One property in particular that is well suited for this type of building transformation is the Coleman Highline in San Jose, California, where Roku announced earlier this year that they would be putting one full building on this property for sublease. The LEED Silver, Class A business campus is close to multiple forms of transit, creating an easily accessible, amenity-rich destination in a previously underdeveloped suburban area.

A building with glass walls.
Coleman Highline, San Jose, California. Photo by Jeff Peters - Vantage Point Photography Inc.

Below are three tactical considerations we see our clients starting to explore as they think about how to reposition their underutilized assets:

1. Take on the responsibility of building out shared amenities. Tenants are looking for office space in buildings that not only meet their needs but also provide a great experience. Some landlords have started to incorporate coffee shops into their base building lobbies to help activate what was formerly a very transient space and create buzz. Programs like these create a natural gathering space within the building for tenants, while also serving as a destination for the surrounding community.

Another space type that we see building owners starting to incorporate into their underutilized assets are libraries or focus spaces. According to Gensler’s 2023 Global Workplace Survey Comparison, quiet, tech-free zones were one of the top two spaces that have the greatest impact on workplace effectiveness and experience. By offering this program as a shared amenity, building owners can provide tenants and visitors with alternate workspaces to complete individual work.

2. Break down your campus into bite-sized pieces. In this time of extreme change, we are all looking for flexibility. Many of our clients are looking into how they can strategically subdivide floor plates so they can flex between multitenant and single floor tenant layouts with minimal architectural interventions. For example, we have one client that is in the process of repositioning one of their buildings in downtown Sunnyvale for potential tech tenants. As part of this effort, they have chosen to build out fully equipped conference rooms on every floor. Our client has located these conference rooms in such a way that allows them to leverage this built architecture for multiple demising strategies so each floor plate can quickly adapt to serve one, two, or four tenants, depending on market demands.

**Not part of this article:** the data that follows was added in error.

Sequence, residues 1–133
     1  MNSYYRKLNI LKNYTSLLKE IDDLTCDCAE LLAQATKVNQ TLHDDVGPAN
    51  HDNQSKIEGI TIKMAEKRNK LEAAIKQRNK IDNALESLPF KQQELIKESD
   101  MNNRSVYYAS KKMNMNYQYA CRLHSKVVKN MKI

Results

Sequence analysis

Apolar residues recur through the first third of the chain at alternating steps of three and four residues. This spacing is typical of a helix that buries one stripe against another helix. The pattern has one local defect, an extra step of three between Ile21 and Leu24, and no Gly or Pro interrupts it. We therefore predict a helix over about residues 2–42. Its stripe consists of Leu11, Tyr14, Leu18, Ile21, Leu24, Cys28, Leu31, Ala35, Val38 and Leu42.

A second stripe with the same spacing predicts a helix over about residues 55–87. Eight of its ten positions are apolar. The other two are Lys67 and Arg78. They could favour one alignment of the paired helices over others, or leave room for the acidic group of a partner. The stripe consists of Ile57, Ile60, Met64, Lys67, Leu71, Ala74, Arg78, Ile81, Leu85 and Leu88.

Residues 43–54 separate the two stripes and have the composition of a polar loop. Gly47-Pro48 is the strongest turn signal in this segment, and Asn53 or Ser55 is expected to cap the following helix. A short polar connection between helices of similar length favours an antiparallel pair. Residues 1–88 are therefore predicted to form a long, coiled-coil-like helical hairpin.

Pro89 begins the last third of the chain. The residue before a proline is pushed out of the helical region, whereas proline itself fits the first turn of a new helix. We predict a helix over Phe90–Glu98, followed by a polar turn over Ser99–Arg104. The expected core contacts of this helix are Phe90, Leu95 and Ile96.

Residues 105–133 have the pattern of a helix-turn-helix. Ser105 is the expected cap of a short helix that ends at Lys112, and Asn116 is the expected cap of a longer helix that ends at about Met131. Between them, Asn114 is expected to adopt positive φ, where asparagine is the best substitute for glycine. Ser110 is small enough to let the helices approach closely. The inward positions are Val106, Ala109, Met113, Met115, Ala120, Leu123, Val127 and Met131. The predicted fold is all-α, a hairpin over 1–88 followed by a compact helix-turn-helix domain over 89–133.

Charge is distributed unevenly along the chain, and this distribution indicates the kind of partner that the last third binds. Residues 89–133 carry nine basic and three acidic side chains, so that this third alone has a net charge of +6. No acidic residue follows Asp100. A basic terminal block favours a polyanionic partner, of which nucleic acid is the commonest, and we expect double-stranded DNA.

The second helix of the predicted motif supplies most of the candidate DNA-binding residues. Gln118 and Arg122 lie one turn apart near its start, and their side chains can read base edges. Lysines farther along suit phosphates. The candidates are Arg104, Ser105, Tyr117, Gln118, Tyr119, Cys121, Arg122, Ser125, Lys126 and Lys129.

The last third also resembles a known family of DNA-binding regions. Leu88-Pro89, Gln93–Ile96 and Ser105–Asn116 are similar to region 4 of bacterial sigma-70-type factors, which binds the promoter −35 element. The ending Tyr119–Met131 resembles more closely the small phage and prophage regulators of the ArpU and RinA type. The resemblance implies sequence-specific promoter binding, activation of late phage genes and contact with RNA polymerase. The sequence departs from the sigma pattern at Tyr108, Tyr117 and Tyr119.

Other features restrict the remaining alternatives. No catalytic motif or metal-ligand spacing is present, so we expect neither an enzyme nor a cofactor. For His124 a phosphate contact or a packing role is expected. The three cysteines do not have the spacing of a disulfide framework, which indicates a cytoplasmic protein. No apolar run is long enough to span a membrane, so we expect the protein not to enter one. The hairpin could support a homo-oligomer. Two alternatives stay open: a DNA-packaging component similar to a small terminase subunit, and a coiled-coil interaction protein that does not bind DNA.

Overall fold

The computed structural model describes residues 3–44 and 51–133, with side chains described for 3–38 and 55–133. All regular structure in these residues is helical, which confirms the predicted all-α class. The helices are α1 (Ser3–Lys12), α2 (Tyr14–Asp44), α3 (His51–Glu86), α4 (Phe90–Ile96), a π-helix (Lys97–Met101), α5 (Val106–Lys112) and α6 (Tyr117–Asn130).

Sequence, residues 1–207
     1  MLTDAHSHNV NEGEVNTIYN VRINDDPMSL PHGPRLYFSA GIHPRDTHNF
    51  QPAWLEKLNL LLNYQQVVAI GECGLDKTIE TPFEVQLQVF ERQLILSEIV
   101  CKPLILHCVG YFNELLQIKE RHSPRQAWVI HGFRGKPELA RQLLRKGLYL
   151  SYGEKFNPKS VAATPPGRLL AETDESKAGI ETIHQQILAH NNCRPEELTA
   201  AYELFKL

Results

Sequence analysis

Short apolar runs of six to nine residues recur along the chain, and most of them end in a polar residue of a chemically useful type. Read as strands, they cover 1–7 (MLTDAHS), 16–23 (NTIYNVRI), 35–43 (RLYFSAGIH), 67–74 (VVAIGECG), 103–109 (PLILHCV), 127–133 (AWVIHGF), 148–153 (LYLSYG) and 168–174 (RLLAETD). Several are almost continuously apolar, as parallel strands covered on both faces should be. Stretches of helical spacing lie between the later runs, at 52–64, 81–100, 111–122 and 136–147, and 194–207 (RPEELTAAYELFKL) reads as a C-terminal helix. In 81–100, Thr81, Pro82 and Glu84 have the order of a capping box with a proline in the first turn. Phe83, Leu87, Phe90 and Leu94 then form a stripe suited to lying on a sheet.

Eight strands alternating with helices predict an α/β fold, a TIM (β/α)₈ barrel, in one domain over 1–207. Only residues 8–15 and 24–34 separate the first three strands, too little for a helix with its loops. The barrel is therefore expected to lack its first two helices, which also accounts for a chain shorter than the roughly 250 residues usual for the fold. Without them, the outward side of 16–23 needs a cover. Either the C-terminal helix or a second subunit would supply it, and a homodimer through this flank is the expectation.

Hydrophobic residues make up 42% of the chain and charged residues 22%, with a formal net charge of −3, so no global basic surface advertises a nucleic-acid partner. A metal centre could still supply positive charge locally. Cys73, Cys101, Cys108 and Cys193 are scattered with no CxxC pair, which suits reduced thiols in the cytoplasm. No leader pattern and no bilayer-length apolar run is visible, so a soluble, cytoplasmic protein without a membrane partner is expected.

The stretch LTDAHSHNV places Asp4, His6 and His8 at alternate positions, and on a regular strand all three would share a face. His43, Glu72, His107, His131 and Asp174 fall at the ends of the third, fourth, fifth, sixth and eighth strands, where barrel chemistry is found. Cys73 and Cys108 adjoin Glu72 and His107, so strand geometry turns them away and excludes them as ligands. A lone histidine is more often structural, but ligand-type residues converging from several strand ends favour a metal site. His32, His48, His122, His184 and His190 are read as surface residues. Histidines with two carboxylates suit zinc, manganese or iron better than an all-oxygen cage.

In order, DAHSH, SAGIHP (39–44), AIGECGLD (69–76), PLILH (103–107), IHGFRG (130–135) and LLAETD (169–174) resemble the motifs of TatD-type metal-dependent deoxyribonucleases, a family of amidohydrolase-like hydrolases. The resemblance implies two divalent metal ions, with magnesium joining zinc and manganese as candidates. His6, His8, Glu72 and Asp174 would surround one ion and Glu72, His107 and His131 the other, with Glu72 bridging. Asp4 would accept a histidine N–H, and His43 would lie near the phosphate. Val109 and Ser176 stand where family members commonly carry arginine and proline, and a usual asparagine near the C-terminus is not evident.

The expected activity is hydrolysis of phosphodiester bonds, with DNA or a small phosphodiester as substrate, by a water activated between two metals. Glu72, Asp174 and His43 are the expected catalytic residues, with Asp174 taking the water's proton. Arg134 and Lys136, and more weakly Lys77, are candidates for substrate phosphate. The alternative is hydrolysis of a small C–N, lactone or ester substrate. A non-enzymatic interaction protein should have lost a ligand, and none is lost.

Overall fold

3. Double down on sustainability as a market differentiator. Ever since the SEC proposed rules governing climate-related disclosures from all public companies, ESG reporting has become a necessity for tech companies. Many landlords are looking to add both active and passive sustainable features, like solar panels or skylights, into their buildings because they can help set them apart as tenants look to occupy spaces that support their broader environmental goals.

But the benefits don’t stop there — building owners that integrate sustainable elements or pursue environmental certifications can offer their tenants a competitive edge as they look to attract and retain talent. Gen Z finds it extremely important for businesses to operate in an environmentally sustainable way and reduce carbon emissions. Deloitte’s 2022 Global Gen Z and Millennial Survey revealed that nearly two in five respondents turned down a job because it was inconsistent with their values.

By implementing these strategies and tactics, building owners and tenants can stand out in a competitive market. If you would like to reposition office space or other underutilized assets to align with new work realities, please contact us to learn more.

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Sarah Brengarth
Sarah is a design manager and strategic thinker with a passion for designing authentic and meaningful spaces for her clients. With a background in architecture, she prides herself on approaching projects holistically. Sarah is based in San Jose, California. Contact her at .